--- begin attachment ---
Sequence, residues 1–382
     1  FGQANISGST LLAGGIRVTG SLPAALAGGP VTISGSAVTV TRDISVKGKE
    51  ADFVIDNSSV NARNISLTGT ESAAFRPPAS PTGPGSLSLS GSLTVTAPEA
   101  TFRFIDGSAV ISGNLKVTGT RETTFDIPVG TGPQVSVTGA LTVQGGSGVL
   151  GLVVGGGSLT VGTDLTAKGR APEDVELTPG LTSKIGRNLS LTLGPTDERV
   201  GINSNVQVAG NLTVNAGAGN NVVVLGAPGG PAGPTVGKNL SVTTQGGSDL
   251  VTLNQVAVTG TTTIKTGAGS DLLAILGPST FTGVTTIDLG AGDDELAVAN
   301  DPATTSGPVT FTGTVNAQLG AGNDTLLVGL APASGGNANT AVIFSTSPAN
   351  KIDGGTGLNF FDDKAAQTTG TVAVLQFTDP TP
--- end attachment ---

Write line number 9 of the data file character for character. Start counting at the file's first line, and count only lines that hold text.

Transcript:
   351  KIDGGTGLNF FDDKAAQTTG TVAVLQFTDP TP